SK E&S and Korea Midland Power (KOMIPO) would invest about five trillion won ($3.9 billion) to build the world's largest blue hydrogen production base near a liquefied natural gas (LNG) terminal in the southwestern coastal city of Boryeong. Government regulations were eased to allow the use of LNG cold energy that would reduce electricity consumption and carbon emissions.
Carbon capture and storage (CCS) technology will be used to remove carbon dioxide generated in producing blue hydrogen per year. Some 200,000 tons of gaseous hydrogen will be supplied through pipelines for hydrogen power generation, and 50,000 tons of liquefied hydrogen for charging stations.
"SK E&S wants to supply blue hydrogen with eco-friendliness, safety, and convenience by reducing costs and carbon emissions," SK E&S' hydrogen business department head Kwon Hyung-kyun said in a statement on December 20. The company aims to produce 30,000 tons of liquefied hydrogen annually from the end of 2023 through a hydrogen liquefaction plant under construction in the western port city of Incheon.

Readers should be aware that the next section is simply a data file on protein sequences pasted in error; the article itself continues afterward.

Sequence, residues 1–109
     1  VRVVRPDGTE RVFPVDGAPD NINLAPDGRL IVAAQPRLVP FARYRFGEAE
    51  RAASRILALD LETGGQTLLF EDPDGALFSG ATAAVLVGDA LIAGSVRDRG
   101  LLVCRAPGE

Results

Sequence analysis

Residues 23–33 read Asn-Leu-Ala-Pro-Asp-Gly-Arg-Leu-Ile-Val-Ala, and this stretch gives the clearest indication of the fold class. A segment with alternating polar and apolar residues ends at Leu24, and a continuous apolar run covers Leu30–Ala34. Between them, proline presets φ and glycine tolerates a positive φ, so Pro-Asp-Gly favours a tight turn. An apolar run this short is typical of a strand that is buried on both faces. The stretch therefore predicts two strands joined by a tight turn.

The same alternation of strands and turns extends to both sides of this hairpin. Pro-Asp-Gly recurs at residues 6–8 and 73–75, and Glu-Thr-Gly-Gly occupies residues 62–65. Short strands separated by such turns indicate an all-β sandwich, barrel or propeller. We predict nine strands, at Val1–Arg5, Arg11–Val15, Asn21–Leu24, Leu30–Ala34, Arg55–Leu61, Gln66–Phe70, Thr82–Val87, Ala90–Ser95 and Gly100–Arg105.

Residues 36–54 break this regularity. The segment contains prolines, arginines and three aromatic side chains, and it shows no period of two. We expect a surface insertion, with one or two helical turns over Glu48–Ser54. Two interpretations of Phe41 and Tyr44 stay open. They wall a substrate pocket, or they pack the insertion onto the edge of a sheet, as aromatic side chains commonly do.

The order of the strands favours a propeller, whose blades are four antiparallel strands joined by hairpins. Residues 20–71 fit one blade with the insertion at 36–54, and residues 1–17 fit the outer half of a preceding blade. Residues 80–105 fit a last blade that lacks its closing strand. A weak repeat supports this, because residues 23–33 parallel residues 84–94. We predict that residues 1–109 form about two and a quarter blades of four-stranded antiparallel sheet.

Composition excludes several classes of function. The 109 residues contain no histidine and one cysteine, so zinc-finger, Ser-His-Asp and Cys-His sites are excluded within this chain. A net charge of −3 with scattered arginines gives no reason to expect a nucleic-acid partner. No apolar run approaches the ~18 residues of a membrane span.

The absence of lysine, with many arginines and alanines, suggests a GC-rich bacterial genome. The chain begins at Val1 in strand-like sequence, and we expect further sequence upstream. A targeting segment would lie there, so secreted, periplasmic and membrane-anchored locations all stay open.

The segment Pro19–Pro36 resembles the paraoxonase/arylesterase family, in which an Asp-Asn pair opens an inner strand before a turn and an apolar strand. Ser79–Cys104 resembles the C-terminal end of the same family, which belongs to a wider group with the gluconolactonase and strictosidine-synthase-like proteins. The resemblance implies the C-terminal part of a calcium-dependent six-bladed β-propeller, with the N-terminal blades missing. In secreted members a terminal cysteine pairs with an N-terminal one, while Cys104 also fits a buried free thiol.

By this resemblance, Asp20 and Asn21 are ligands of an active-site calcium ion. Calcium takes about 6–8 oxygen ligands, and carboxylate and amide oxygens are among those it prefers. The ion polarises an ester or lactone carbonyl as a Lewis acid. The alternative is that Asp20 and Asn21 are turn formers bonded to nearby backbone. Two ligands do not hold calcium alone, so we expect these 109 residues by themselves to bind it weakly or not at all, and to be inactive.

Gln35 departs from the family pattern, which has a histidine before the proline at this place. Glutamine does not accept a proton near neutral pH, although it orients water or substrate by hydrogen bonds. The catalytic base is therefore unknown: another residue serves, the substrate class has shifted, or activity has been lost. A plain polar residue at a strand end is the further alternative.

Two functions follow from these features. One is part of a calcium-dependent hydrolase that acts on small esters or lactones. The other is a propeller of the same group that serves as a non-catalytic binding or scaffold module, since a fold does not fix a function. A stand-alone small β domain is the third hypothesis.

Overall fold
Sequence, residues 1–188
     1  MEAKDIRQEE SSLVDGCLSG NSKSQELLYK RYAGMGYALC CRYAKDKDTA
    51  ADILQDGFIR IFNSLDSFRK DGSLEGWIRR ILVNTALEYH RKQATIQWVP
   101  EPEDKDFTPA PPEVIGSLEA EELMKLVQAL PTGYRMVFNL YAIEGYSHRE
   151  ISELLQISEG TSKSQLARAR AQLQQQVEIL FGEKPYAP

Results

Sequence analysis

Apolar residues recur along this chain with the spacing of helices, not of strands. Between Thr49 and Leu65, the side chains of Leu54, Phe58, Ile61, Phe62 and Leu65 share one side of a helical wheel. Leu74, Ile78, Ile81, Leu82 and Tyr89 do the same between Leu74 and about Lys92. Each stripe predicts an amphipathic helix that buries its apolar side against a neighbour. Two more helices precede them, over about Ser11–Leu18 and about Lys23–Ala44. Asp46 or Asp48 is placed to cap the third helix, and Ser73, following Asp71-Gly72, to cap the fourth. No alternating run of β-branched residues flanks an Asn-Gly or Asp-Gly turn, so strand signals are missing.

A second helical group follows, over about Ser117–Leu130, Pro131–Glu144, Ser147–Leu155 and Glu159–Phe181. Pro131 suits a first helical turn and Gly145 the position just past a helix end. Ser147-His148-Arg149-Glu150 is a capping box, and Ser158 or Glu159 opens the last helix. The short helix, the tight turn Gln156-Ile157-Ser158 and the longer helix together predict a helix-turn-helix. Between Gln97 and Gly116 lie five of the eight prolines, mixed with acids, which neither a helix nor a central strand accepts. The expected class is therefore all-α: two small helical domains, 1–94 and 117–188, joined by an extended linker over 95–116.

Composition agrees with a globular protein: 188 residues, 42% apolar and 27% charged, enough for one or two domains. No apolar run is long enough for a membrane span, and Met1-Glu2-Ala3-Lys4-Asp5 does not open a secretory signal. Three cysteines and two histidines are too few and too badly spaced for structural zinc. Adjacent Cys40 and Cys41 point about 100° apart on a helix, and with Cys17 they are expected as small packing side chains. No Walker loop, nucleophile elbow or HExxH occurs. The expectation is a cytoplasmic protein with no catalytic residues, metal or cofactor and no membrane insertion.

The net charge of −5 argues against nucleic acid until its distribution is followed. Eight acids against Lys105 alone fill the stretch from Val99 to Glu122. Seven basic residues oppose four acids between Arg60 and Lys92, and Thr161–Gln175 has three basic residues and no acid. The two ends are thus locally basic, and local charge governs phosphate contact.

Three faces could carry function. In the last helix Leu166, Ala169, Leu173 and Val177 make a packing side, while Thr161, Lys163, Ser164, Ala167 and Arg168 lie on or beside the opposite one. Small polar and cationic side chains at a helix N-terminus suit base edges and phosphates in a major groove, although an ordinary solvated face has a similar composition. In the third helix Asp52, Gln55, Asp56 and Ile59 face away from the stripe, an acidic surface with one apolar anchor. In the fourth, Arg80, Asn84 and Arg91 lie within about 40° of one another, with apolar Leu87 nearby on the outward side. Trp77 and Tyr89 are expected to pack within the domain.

In July 2022, SK E&S invested $25 million in Monolith Materials, an American turquoise hydrogen company. Turquoise hydrogen sits somewhat between blue and green hydrogen and uses methane as a feedstock, but the process is driven by heat produced with electricity instead of fossil fuels. SK Group regards turquoise hydrogen as a strategic alternative to an energy shift from blue hydrogen to green hydrogen. Blue hydrogen is produced by applying carbon capture and storage to reduce carbon emissions. Green hydrogen can be produced through electrolysis to split water and release only hydrogen and oxygen.
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